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I keep my passwords in PGP encrypted file. When I need to edit this file, then I first decrypt it(gpg -d ...), open the plain-text file in vim and make the changes, encrypt the plain-text file(gpg --output data.gpg --encrypt --recipient ...) and finally remove the plain-text file. How can I be absolutely sure that vim does not store any sensitive data anywhere else than in this plain-text file? I guess I need to disable viminfo and it probably it makes sense to disable plugins as well? So if I use vim -i NONE -u NONE plain-text-file, then I should be secure?

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    Related: The simplest way to start Vim in private mode Apr 3, 2017 at 16:47
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    github.com/jamessan/vim-gnupg might be useful.
    – muru
    Apr 3, 2017 at 16:51
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    Perhaps consider using a dedicated password manager instead. Having a plain text file containing your passwords on a hard drive, even for a limited time, seems risky (since the contents of the file will remain on the disc until overwritten).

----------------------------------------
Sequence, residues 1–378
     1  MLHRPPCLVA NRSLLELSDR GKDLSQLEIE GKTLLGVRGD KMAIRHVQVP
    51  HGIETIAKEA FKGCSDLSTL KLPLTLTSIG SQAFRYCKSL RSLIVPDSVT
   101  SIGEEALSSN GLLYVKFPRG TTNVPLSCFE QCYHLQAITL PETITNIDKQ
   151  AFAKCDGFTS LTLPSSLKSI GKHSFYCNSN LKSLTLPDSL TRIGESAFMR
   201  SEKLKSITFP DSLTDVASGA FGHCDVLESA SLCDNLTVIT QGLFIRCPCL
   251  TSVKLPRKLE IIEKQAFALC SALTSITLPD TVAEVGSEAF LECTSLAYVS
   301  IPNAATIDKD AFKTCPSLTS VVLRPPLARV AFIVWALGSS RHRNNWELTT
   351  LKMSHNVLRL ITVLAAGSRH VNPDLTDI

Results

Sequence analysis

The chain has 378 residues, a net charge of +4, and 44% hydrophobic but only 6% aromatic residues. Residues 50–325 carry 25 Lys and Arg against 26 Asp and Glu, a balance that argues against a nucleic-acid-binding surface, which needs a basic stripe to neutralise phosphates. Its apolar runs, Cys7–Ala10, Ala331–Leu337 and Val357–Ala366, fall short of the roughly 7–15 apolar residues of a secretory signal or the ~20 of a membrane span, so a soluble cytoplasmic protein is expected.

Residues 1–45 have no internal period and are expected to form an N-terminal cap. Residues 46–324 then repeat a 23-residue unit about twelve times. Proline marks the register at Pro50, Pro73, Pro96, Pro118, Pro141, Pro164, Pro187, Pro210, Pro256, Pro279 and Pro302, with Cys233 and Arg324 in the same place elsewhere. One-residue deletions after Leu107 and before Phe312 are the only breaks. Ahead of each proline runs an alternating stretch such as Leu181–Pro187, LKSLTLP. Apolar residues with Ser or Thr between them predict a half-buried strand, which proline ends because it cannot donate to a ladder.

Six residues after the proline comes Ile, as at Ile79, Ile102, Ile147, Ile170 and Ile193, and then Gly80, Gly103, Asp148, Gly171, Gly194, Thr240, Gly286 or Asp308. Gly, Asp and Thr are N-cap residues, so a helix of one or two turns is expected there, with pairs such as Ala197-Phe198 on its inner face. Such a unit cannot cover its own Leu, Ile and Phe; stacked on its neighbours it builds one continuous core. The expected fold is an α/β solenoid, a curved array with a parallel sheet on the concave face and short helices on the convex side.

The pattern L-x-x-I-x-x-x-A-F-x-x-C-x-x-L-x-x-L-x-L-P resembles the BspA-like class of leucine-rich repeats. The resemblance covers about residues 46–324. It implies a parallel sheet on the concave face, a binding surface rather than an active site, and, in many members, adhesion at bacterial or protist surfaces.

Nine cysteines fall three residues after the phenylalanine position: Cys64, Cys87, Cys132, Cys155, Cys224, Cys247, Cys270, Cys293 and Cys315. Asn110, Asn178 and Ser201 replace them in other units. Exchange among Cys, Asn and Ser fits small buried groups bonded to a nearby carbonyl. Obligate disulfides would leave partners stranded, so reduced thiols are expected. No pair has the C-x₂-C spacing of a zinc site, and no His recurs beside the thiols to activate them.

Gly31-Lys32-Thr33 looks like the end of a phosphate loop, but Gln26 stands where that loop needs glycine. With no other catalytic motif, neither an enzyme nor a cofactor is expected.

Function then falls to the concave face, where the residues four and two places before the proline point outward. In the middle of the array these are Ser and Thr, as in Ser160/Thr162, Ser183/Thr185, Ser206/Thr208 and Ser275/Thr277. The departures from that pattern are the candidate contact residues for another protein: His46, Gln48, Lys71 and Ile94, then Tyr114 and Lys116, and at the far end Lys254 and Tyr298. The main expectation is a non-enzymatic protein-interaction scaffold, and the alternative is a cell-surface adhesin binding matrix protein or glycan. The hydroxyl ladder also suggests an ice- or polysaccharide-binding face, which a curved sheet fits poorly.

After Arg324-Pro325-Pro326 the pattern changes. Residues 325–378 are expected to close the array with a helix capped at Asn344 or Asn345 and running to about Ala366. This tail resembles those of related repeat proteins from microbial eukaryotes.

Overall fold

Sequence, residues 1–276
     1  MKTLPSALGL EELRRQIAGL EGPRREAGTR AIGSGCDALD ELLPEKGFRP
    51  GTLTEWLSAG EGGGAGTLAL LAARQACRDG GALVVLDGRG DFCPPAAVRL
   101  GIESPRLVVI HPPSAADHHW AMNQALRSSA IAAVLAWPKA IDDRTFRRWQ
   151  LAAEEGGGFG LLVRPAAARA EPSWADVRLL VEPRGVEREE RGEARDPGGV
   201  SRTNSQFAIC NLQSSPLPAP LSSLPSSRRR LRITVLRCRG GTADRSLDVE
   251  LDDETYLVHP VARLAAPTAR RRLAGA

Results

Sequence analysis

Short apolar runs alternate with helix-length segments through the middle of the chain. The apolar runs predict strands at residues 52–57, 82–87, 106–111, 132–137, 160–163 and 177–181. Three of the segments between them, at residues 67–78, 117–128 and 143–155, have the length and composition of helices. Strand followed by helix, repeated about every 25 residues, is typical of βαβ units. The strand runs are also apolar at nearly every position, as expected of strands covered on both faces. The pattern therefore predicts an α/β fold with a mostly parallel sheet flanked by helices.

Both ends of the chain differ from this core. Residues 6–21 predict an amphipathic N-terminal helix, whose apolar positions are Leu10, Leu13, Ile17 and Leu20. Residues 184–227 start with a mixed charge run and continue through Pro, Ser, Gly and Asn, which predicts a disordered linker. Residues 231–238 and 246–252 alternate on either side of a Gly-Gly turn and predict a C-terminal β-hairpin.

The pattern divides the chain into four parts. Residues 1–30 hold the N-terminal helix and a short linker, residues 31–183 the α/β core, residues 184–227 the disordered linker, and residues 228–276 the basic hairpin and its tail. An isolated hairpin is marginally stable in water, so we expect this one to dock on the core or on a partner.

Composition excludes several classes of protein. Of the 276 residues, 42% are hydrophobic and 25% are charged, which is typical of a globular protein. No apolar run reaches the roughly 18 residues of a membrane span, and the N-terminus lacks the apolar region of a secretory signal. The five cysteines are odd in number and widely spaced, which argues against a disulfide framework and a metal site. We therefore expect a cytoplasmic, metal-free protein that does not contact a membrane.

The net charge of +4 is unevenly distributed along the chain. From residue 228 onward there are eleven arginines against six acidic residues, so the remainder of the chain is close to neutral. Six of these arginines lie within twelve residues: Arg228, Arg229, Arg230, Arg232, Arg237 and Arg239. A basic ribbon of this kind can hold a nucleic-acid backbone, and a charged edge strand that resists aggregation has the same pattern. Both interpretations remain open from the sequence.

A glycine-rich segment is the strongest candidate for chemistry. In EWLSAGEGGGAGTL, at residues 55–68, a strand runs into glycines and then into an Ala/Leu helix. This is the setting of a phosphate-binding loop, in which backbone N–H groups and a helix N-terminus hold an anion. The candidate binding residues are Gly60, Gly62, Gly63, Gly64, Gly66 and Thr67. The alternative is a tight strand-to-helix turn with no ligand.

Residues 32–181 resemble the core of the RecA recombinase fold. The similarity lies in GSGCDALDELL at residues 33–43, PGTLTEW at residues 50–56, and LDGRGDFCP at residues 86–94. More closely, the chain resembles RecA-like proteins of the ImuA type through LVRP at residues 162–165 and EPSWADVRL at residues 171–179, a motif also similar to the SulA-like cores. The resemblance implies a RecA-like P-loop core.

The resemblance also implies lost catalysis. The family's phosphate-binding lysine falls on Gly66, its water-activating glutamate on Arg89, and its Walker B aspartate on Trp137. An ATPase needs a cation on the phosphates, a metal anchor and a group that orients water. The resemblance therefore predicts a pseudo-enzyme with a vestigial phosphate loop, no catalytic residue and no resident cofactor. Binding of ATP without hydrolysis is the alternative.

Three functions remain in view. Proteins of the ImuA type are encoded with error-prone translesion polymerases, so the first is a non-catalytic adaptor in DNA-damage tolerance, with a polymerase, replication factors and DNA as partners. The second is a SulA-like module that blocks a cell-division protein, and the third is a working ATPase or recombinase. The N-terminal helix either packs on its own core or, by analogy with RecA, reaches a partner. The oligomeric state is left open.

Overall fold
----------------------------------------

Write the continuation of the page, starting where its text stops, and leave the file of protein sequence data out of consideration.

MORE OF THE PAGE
– evilsoup
    Apr 3, 2017 at 22:15
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    @StandardEyre Thanks for referring to The simplest way to start Vim in private mode question. I finally ended up with vim -Nu .vimrcprivate solution. @evilsoup I try to mitigate those risks with full-disk encryption and when I remove the plain-text file, then I always use shred -u plain-text-file instead of rm plain-text-file.
    – Martin
    Apr 4, 2017 at 10:41

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